Skill Level: Beginner
Time: 2 Days
My one-car-garage-turned-shop doesn’t have room for a 4’x4′ CNC router. I just couldn’t imagine finding the space and dedicating it to a machine that while useful, won’t see everyday use. So after racking my brain for a few weeks, I came up with a design that would not only allow me to bring a CNC into my shop, but provide me with some much needed outfeed and assembly area.
The key to this project is the hinged top, it provides plenty of room for the CNC in a discrete location and provides plenty of access to the work area. Bonus, I can start a cycle on the CNC, close the top and continue to use my table saw. Watching the router routine doesn’t eat up my precious shop time.
Design by Constraint
The form of this table was dictated by a few constraints. First, the lower shelf had to fit my 1,000mm- 1,000mm X-Carve®, I rounded this to 40″x40″. The second constraint was the top of the table. I wanted to stick with 4’x8′ plywood from the home center and decided that a 48″x48″ top would be ideal with the size of the base. With the top and the shelf determined, I was able to draft some designs. I settled on an open-shelf concept. The legs are dimensional Southern yellow pine (SYP) milled up to 3″x3″ and the cabinet structure holding it all together is 1/2″ Sande plywood.
The third constraint was access to the CNC. I had to eliminate the apron at the front of the table so that I could have unimpeded access to the CNC when the top was flipped up. In practice, I’m really happy with the design; I have access to the entire bed of the CNC.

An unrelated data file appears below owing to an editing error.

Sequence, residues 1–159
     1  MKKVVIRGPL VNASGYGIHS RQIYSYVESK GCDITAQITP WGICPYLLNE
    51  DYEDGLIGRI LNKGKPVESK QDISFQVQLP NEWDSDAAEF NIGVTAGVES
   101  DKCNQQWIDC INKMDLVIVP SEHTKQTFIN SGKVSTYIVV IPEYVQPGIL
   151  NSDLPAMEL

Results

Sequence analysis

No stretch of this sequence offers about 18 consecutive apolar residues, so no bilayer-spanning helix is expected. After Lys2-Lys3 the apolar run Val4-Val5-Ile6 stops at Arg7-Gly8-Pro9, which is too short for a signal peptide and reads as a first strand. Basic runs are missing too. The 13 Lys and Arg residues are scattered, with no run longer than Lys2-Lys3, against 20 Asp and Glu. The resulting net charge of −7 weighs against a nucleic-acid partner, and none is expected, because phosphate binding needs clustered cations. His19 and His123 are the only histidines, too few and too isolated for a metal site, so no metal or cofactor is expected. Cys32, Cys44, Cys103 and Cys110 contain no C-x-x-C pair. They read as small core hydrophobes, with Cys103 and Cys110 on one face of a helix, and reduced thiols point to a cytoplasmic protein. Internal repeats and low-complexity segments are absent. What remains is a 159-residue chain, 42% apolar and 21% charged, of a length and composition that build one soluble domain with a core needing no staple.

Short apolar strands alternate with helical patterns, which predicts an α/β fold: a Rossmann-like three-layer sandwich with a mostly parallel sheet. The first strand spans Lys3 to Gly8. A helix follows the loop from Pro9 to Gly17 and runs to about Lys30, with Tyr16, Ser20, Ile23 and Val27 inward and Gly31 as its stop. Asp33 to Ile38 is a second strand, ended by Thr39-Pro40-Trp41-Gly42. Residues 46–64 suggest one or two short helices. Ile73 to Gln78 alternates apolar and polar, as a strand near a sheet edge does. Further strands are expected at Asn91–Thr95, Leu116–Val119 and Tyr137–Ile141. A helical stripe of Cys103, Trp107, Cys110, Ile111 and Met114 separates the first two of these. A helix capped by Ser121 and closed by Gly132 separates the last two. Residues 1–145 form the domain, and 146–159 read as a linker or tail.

The fourth constraint I contended with was dust collection on my table saw. In my home shop I use a quick-connect fitting with my dust collector. It’s really handy for shops like mine where the dust collector follows you to the tool instead of hard plumbing everything. However, crouching down to the bottom center of the table saw was never an enjoyable activity. So, I had the idea to plumb through the outfeed table to the center of the shop. This started to dictate the orientation of the drawers and structure of the bottom.
The cabinet at the bottom of the table serves as a platform for the CNC, a housing for the drawers and torsion box to keep the whole assembly table from racking. Start by cutting the top and bottom of the cabinet to 40″x42″. Then rip the 13″ parts for the sides and dividers of the cabinet. Cut all of these pieces at once so that they’re perfectly consistent.
Start with the top of the cabinet upside on your workbench and work up (or down depending on how you think about it) from there. All of the components attach to the top with pocket holes to keep the top surface of the cabinet clean and smooth. I started with the long side that overhangs the top shelf by 1/2″ on each side. Then I attached the middle divider to give myself a steady structure to attach the drawer dividers, the support behind the drawers and the other side panel. Double-check every joint for square as you move along. And, save yourself some frustration later by adding the drawer slides in the front of the case before you secure the top.